The good news for us is that most of our competitors really can’t respond quickly to this. It’s not like the pricing is just pricing; it’s based on infrastructure that’s been built over the years at these firms. So, if you have the big back office already built, you can’t just push a button and make it go away. If you’ve built an army of wholesalers that go out into the world to meet with the financial advisers you can’t just make that go away.

The business model of the asset management industry is really somewhat archaic, given the nature of the technology that’s available to do a lot of the same things for a lot less money.

What we’re hoping to do is get out there early and fast and take a lot of business from our competitors and hope they’re not able to respond very quickly. Even though our fees are giving up a lot of revenue, certainly on the larger accounts — and they probably are — we wouldn’t have anywhere near the basis for differentiating ourselves and drawing attention to what we’re doing if we didn’t do it this way. It’s about getting out there, making our case, and the good thing is that advisers understand this benefit and clients can understand this benefit in a heartbeat, unlike when I’m trying to explain to somebody — especially a client — why their portfolios are better than somebody else’s. It takes a lot of words to do that. People understand the fee thing right away and it’s a benefit that you can guarantee to the client every year, unlike the portfolio management part of things where I can’t tell you at the beginning if any of my portfolios are going to perform any better than anybody else’s portfolios. I can certainly tell you that my fees are going to be lower and I can really quantify the level of benefit.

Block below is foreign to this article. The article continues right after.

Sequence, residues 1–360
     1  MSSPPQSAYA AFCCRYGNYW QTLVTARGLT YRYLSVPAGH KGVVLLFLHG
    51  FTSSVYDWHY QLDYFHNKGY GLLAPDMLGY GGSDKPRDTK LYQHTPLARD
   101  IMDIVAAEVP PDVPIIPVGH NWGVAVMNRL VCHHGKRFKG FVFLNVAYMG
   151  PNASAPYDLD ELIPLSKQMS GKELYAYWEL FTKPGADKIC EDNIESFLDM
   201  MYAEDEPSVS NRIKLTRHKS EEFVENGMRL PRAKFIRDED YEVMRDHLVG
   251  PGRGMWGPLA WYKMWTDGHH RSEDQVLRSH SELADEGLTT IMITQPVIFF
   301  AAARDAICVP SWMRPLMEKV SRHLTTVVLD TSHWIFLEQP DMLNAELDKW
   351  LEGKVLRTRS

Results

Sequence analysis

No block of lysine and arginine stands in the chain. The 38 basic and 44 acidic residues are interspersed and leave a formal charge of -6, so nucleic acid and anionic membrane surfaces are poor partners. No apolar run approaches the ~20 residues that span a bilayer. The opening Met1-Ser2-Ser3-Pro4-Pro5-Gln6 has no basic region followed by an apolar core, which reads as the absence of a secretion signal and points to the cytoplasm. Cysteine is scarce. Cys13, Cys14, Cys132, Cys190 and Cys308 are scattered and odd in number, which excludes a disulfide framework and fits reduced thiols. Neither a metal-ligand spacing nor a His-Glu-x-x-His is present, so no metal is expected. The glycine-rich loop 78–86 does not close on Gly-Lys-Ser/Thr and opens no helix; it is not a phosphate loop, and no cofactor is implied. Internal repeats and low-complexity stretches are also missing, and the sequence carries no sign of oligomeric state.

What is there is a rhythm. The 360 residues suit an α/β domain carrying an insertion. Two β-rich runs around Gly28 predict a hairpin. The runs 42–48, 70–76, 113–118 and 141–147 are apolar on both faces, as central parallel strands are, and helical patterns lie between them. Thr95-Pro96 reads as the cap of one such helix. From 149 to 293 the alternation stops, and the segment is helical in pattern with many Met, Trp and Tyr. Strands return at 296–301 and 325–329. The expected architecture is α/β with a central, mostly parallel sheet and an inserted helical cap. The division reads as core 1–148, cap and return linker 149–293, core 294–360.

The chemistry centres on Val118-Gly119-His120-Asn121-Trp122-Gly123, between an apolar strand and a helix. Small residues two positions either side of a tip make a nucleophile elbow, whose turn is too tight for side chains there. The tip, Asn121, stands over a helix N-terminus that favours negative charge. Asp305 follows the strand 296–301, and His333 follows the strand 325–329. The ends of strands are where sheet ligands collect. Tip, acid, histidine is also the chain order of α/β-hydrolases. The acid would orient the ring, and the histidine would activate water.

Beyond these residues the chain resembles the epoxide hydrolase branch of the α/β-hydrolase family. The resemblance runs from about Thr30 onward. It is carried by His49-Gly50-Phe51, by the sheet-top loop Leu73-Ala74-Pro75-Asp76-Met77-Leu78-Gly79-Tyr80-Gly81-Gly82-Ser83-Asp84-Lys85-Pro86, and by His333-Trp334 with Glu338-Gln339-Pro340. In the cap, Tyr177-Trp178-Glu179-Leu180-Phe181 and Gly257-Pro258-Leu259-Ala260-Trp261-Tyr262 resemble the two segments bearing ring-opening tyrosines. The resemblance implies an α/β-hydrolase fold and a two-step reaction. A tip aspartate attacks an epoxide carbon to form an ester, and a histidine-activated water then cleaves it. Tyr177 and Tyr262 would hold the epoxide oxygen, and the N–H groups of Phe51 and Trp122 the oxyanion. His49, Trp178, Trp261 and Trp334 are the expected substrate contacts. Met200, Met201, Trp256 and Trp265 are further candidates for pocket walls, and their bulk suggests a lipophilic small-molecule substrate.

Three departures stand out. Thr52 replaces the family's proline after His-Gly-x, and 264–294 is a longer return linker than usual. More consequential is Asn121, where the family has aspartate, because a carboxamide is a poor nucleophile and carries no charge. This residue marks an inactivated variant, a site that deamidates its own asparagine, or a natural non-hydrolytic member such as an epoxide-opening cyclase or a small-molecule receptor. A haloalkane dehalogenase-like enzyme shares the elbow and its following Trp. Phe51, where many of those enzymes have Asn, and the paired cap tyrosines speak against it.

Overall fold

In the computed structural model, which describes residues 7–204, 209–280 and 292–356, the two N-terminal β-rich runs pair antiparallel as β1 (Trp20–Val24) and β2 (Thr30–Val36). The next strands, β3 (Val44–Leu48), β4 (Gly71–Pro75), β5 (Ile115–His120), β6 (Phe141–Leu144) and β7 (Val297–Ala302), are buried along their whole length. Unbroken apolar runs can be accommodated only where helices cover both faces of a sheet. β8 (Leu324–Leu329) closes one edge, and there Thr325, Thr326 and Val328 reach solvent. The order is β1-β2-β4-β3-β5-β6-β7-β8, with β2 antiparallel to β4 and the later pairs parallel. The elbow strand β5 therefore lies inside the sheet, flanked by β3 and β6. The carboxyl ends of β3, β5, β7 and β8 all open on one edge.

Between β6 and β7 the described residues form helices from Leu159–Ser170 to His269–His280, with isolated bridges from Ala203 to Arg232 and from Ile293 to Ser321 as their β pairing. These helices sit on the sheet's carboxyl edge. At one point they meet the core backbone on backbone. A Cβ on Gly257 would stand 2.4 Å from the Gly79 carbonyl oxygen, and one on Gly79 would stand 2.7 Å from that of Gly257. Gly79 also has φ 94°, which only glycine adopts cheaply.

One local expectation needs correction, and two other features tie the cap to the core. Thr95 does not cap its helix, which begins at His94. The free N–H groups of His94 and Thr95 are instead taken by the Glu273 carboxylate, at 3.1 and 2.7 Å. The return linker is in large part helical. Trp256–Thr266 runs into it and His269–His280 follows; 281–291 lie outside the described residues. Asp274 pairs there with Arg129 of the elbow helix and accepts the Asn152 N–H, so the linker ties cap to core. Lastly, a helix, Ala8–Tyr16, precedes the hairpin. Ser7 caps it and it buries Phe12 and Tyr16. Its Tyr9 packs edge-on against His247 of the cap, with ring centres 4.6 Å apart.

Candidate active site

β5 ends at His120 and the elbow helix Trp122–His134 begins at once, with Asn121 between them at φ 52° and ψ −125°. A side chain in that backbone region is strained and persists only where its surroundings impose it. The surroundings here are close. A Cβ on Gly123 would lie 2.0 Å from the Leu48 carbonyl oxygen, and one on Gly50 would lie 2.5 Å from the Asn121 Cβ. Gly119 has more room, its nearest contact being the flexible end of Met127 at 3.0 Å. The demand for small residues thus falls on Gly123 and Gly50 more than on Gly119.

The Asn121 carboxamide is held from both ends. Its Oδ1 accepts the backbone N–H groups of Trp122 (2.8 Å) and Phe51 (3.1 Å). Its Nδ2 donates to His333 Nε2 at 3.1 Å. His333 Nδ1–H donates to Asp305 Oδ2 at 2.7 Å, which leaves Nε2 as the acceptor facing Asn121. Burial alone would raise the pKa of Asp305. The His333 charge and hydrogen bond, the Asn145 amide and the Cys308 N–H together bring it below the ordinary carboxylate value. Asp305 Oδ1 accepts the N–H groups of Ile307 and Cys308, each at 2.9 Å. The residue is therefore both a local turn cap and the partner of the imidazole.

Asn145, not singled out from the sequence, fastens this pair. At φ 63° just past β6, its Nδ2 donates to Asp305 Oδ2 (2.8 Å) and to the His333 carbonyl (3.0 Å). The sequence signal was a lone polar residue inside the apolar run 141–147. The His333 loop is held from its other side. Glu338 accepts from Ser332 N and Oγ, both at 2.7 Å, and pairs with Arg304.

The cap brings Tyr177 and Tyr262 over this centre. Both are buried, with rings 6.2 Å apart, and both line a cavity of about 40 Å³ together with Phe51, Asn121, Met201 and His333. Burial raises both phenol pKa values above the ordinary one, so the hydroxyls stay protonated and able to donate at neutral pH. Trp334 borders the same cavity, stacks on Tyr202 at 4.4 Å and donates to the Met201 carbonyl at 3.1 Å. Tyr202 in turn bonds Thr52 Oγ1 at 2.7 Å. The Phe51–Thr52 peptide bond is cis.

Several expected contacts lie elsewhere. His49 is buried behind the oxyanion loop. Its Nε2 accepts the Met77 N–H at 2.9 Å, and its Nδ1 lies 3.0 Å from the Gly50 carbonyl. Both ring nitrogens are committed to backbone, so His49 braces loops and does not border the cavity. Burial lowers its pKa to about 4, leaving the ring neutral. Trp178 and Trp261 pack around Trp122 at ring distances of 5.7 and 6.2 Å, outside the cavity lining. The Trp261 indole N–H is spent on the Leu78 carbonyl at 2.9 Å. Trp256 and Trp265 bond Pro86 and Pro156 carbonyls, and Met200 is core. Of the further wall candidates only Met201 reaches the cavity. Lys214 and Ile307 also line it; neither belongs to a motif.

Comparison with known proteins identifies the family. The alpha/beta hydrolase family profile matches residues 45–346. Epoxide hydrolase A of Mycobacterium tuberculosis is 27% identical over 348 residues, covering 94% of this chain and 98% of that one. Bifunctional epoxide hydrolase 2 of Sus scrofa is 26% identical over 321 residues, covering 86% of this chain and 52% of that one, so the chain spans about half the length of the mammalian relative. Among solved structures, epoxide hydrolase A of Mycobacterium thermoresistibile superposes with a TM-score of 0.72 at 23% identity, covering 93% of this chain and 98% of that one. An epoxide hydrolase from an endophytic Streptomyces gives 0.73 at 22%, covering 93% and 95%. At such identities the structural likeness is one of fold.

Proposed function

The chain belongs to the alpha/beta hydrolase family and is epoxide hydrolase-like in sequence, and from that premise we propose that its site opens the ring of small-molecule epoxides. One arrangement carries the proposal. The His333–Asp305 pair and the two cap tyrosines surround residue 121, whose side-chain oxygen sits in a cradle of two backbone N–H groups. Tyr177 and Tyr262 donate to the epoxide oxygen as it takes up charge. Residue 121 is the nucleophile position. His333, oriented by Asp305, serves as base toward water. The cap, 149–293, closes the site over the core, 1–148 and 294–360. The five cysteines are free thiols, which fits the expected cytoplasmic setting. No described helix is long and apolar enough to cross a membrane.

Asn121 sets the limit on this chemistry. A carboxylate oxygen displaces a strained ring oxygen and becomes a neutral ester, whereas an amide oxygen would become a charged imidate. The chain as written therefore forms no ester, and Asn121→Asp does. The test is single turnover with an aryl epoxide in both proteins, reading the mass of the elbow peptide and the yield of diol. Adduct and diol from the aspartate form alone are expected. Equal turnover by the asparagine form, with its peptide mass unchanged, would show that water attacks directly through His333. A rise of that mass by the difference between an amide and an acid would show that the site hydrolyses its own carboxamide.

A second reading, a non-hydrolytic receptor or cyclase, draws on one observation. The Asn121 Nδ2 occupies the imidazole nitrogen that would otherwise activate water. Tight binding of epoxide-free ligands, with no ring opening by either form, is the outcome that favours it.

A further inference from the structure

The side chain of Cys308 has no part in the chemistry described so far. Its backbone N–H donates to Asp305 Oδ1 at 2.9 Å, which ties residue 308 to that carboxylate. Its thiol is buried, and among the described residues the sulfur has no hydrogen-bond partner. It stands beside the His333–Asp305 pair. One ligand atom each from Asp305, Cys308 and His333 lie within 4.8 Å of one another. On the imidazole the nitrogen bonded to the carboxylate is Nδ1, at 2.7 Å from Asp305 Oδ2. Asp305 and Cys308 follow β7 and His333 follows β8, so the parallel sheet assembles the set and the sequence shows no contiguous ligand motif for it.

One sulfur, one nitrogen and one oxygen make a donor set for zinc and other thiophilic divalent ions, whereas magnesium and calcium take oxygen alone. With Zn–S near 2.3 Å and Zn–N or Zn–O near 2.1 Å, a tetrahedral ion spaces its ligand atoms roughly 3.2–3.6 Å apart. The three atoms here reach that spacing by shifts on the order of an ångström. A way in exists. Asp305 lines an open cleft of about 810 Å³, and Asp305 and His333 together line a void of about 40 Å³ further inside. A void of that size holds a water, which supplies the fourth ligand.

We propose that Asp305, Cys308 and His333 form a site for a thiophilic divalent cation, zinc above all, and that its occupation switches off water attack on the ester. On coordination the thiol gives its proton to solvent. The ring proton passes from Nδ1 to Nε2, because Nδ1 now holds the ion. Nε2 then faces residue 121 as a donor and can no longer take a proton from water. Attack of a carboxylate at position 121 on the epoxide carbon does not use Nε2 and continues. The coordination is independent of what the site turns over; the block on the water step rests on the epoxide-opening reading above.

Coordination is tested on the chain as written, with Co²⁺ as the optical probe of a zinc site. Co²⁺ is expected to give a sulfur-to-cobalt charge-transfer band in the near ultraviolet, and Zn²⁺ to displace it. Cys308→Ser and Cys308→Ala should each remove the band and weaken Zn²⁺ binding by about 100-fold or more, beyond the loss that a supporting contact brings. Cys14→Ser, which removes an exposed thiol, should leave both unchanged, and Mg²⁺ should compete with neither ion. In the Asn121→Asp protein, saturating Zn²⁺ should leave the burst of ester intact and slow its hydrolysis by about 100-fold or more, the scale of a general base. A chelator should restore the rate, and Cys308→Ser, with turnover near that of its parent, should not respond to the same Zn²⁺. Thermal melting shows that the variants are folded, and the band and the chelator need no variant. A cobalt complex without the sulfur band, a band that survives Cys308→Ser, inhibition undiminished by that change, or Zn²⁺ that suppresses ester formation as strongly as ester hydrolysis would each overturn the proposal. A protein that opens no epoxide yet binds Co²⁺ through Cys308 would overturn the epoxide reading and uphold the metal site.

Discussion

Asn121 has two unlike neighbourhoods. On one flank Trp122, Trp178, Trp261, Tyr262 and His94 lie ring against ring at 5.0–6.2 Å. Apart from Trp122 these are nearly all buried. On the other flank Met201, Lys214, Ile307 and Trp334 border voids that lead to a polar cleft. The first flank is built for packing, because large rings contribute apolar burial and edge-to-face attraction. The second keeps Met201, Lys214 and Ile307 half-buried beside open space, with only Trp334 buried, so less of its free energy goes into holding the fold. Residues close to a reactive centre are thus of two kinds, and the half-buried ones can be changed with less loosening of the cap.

How has fee pressure increased with digital innovation?

Certainly, robo advisers are bringing pressure on fees. Vanguard is bringing pressure on fees, and there are more and more financial planners and wealth managers who are going to some sort of flat fee, or tiered fee structure, which is different than the traditional percent of assets under management fee schedule. With all these pressures, ultimately asset management firms will have to respond or else they will just be left in the dust.

The only justification you could provide in this environment for charging a high fee is that you produced an incredibly good result. But the evidence is sparse that asset managers out there can produce that high of a level of alpha on a consistent basis. So there’s a large chunk of the industry that will have to change their approach to pricing or else they will disappear.

And you saw an opportunity to offer something different?